Here’s a Thing I Wrote for Symplur

This one looks at how different patient communities approach the new year, to what extent goals and resolutions are shared, and what makes for an open conversation among these communities.

Here’s a snippet.

While the how much question is worth considering as you engage this data, I think it’s equally important to look at the how. How were these communities prompted to engage with the topic of goals and resolutions? How well did those prompts foster a conversation among their respective communities? How might we evaluate the different approaches to this topic and find the optimal way to encourage goal setting and sharing?

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FOMO

“Stress might come from maintaining a large network of Facebook friends, feeling jealous of their well-documented and well-appointed lives, the demands of replying to text messages, the addictive allure of photos of fantastic crafts on Pinterest, having to keep up with status updates on Twitter, and the “fear of missing out” on activities in the lives of friends and family.” -Psychological Stress and Social Media Use | Pew Research

Somewhat related.

Source (linked) via xkcd.com

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The Result of Turning Off Notifications

Over the past few months I’ve taken pointed efforts to reduce the time I spend staring at my phone. While social media is great, and ensuring all my emails are marked as read is a worthwhile goal, I wasn’t doing a great job of living in the moment. So I turned off nonessential alerts on my phone. Twitter, Facebook, Instagram – the apps themselves stayed on my phone, but their frequency of use dropped as the number of times my phone updated in the background decreased.

I’m still not sure if that’s enough to get me back in the moment, but I’ve certainly felt detached from the diabetes community as a result of these efforts. Recently I’ve made somewhat public statements that it felt like the community was shrinking or changing, but I wasn’t looking in the right direction for an explanation.

This is the result of my own actions. So now the challenge is to find a way to continue to embrace and engage the diabetes community, but in a healthy way.

This should be interesting.

Patient Community Advocate at Symplur

Today marks my first official day as Patient Community Advocate at Symplur. This means I get to look at all kinds of data collected by Symplur’s extensive tools and figure out ways to bring the patient communities into these data-based conversations. This means I get to venture out into the scary world of freelancing with a mighty first step. This means I get to take on new projects that could help impact and shape the future of online disease communities. This means I have a chance to truly contribute to something – to one day look back and say “I built that”.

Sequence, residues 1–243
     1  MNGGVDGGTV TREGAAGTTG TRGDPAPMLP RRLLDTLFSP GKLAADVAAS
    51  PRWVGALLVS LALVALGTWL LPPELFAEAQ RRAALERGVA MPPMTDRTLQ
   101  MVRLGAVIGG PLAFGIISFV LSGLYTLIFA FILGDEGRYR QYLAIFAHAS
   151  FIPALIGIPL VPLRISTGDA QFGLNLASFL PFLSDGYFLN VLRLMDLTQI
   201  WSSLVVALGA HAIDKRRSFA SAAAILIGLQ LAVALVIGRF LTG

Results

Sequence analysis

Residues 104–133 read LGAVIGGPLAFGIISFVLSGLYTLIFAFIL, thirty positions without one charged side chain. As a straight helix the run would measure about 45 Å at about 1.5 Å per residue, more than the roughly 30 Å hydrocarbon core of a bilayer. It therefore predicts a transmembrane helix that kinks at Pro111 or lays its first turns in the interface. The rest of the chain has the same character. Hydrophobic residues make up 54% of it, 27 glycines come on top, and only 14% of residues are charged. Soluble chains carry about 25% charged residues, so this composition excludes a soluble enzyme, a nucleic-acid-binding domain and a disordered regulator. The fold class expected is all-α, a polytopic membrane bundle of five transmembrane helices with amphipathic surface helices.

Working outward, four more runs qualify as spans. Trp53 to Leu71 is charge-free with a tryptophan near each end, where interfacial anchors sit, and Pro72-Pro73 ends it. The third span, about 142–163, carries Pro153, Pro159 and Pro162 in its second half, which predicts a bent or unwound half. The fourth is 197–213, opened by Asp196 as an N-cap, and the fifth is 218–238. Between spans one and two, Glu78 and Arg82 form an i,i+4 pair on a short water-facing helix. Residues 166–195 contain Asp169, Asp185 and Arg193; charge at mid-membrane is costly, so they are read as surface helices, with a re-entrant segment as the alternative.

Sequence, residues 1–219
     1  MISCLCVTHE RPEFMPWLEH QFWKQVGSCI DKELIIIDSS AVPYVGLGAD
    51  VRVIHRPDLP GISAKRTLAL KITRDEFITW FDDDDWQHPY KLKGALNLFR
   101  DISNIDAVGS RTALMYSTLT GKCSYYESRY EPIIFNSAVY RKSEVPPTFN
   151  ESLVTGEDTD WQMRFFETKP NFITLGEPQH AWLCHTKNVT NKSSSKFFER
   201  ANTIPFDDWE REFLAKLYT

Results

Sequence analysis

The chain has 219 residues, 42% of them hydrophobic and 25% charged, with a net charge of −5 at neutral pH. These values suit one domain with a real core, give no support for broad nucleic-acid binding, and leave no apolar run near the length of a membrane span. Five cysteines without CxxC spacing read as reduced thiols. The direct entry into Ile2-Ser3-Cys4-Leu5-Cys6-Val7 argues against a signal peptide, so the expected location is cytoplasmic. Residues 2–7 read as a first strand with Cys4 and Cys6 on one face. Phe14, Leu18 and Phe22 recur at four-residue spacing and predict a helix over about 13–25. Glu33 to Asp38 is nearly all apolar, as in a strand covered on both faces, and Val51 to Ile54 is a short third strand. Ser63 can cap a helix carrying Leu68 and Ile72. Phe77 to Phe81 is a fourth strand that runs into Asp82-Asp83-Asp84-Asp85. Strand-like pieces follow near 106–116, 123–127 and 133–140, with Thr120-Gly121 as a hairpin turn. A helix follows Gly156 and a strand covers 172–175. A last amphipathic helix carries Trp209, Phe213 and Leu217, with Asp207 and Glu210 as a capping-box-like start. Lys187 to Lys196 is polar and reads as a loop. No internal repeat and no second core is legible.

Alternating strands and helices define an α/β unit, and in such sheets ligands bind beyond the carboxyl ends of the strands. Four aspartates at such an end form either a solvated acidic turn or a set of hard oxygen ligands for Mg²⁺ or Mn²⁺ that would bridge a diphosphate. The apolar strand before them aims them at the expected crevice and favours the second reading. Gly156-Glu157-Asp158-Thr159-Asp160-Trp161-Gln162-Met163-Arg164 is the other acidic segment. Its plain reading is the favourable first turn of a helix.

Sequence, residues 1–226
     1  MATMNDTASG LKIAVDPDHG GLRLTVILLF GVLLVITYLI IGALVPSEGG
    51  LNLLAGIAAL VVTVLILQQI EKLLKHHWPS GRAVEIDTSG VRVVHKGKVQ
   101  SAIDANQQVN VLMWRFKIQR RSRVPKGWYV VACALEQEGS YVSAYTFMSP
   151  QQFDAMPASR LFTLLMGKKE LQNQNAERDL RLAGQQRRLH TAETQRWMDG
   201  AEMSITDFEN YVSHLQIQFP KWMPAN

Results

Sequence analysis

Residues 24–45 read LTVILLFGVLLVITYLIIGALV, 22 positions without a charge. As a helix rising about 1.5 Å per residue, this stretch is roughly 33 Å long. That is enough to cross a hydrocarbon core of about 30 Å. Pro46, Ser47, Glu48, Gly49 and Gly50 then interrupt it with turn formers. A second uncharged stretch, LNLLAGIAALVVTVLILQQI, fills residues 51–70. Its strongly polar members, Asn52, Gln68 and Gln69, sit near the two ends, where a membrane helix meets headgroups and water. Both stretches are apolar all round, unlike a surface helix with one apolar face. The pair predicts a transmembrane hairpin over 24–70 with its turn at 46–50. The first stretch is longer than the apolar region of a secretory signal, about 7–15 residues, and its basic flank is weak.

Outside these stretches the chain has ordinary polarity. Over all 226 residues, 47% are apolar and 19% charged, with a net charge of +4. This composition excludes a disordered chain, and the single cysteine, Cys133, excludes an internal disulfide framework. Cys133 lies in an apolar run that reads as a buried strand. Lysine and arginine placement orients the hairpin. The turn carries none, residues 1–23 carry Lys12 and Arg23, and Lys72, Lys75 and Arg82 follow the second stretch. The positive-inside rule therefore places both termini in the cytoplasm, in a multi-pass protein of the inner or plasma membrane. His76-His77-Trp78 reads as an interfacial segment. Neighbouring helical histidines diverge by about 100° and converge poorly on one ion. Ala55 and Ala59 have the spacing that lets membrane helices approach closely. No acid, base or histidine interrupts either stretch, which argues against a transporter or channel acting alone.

It also means I get to write blog posts using data provided by their reporting tool, Symplur Signals, like this one about World Diabetes Day and the #wddchat14 hashtag. And I get to create fun animated gifs like this one

Created by me, via symplur.com (linked)

Created by me, via symplur.com (linked)

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Simple

The path to refining and redefining the person and patient advocate I want to be is ever-present. There will always be something I want to change, improve, or tweak – but the challenge now is figuring out how to focus my efforts. With that in mind, I’m considering this the next step in simplifying who I am – online, at least.

Going to keep it simple in 2015.

A photo posted by Christopher Snider (@iam_spartacus) on

It’s not exactly a crowd-pleaser, but it’s the most basic representation of what I’m about. Between this and the unified starting point, my hope is that 2015 will start off in the right direction. Or, I’m too concerned with my “image” and need to stop obsessing about these things.

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Slowly Fading

Maybe it’s because of the holidays. Maybe it’s because we are focusing more on side projects. Maybe it’s because Facebook and Twitter are becoming the standard for communication. Maybe I just need to be better about finding new content. But the Diabetes group in my Feedly Reader feels abandoned.

The number of blogs without a recent update becomes too much to count with fingers and toes, and I can’t help but wonder what is happening to the diabetes online community?

The truth, of course, is that we are stronger than ever. Connections are forged, found, and maintained on a variety of platforms and we are accomplishing great things together. Seeing what happens online conversations moving offline is great, it’s one of the universal efforts of the members of the diabetes community I look to and up to. And I know it’s unrealistic to have every medium hosting diabetes conversation maintain its relevance over the years. I just wish there was more.

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How Might We

It’s not the same as Mike Lawson‘s Monday Mantras…

It's #Monday! This is the #mantra I'll be focusing on this week. What's yours?

A photo posted by mrmikelawson (@mrmikelawson) on

But the number of ‘How might we’ prompts in my notebook has been steadily growing over the past few days. And I think these are worth sharing.

My notebook is collecting #howmightwe prompts.

A photo posted by Christopher Snider (@iam_spartacus) on

While the solution may not be eminent, or evident, or even feasible, these questions start the creative (and hopefully collaborative) process for me. And that’s exactly what I need right now.

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